reputation, and had gained great taste, and renew the appetite of riches without reproach, resolved the whole company. To this were to retire for the remainder of his added generous burgundy: sparkling days to his country-seat. In order champaign, in short, a choice of the to take leave of his friends and ac- best wines commerce can procure quaintance in a handsome manner, in a trading country ; and, that nohe invited the young and the old of thing might be wanting that could both sexes (persons of the first please the senses, as soon as a sumpfashion in the place) to an enter- tuous dessert was bought in, a melotainment at his own house. They dious concert of a variety of instru. assembled with great expectations; ments of music was heard in the but, to their no small surprise, saw next room. Healths went round, a long oak table, hardly covered with mirth increased, and the old gentle a scanty blue cloth, on which were man, seeing that nothing but the alternately placed platters of butter departure of him and the gravest milk, sour-crout, pickled herrings, of the company was waited for to and cheese. The rest of the cheer give a loose to joy and pleasure, was made up with butter and rye. rose up, and thus addressd his bread, and cans of small-beer were guests : at hand for those who chose to “ Ladies and gentlemen, I thank drink. Trenchers served instead you for the favour you have done me of plates, and not a single servant by honouring me with your compaattended. The company secretly ny. It is time for one of my age to cursed the old man's humour ; but, withdraw; but I hope those who on account of his great age and still are disposed for dancing will accept greater merit, they restrained their of a ball which I have ordered to resentment, and appeared contented be prepared for you. Before the with their homely fare. The old fiddles strike up, give me leave to gentleman, seeing the joke take, make a short reflection on this enwas unwilling to carry it too far; tertainment, which otherwise might and, at a signal given, two clean appear whimsical, and even foolcountry maids, in their rustic garb, ish. It may serve to give you an cleared the table, and brought in idea of the source of our wealth the second course. The blue cloth and prosperity. By living after the was changed for white linen, the penurious manner exhibited in the trenchers for pewter, the rye-bread first course, our ancestors raised to houshold brown, the small-beer their infant state, and acquired to strong ale, and the mean food in- liberty, wealth, and power. These to good salted beef and boiled fish. were preserved by our fathers, who The guests now grew better pleas- lived in that handsome but plain ed, and the master of the feast more way exemplified in the second pressing in his invitations. After course. But if an old man may be he had given them time to taste the permitted, before he leaves you, second course, a third was served whom he dearly loves, to speak up by a maître d'hótel in form, fol. freely, I am really afraid that the lowed by half a dozen powdered profüsion which you have witnessed seants in gaudy liveries. The in the last course will, if we conmost beautiful flowered damask was tinue it, deprive us of those advanspread on a sumptuous mahogany tages which our ancestors earned table; the richest plate, and most cu- by the sweat of their brows, and rious china, adorned the side-board; which our fathers, by their industry whilst a profusion of soups, olios, and good management, have transtame and wild fowl, fricassees, ra. mitted to us. Young people, I ad. gouts, in a word, all that the art of vise you to be merry this evening, a modern French cook could pro- but to think seriously to-morrow on duce, ranged in a well-disposed ju the lesson i have given you to-day. dicious order, seemed to court the Good night.”. ,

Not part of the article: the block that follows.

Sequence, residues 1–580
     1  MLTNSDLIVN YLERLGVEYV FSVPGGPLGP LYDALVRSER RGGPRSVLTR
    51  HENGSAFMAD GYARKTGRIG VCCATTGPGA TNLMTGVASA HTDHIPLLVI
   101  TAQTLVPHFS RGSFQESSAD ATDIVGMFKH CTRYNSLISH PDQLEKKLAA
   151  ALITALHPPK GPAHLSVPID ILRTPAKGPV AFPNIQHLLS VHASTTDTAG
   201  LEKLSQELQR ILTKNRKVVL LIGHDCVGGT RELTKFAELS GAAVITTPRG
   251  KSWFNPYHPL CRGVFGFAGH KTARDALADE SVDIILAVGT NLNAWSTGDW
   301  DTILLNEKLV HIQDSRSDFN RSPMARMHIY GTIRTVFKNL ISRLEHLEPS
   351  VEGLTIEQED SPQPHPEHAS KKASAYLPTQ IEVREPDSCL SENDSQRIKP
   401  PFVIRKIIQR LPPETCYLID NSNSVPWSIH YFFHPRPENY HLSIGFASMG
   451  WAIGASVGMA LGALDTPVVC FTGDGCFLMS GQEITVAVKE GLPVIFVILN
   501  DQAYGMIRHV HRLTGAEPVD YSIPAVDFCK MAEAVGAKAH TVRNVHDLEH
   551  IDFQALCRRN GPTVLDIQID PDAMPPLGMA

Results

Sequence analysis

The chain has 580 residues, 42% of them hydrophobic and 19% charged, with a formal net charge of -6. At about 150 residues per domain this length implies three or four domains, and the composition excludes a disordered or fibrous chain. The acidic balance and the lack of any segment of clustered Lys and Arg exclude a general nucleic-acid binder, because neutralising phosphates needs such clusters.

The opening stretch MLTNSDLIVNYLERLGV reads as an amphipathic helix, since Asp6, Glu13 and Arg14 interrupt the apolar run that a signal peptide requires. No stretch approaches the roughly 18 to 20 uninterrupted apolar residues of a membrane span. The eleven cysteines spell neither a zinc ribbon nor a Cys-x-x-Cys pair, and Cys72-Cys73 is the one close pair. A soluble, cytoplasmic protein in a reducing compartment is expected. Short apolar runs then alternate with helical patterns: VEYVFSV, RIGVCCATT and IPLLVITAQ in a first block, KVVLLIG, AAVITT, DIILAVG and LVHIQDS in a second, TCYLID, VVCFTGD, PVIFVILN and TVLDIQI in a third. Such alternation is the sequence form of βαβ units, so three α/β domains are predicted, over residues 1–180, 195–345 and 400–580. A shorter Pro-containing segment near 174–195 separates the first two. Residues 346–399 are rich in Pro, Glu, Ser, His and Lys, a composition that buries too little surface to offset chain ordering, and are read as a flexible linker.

For the Literary Magazine. from Elsineur of the Sound is